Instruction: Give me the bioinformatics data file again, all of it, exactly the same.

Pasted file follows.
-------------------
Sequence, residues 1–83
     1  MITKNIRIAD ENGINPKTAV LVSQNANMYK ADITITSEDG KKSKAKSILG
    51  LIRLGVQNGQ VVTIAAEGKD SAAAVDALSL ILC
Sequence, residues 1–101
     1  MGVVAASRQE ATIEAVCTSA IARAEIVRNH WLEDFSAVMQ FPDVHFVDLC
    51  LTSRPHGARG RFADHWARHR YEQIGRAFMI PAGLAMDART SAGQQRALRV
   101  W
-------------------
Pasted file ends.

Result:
Sequence, residues 1–83
     1  MITKNIRIAD ENGINPKTAV LVSQNANMYK ADITITSEDG KKSKAKSILG
    51  LIRLGVQNGQ VVTIAAEGKD SAAAVDALSL ILC
Sequence, residues 1–101
     1  MGVVAASRQE ATIEAVCTSA IARAEIVRNH WLEDFSAVMQ FPDVHFVDLC
    51  LTSRPHGARG RFADHWARHR YEQIGRAFMI PAGLAMDART SAGQQRALRV
   101  W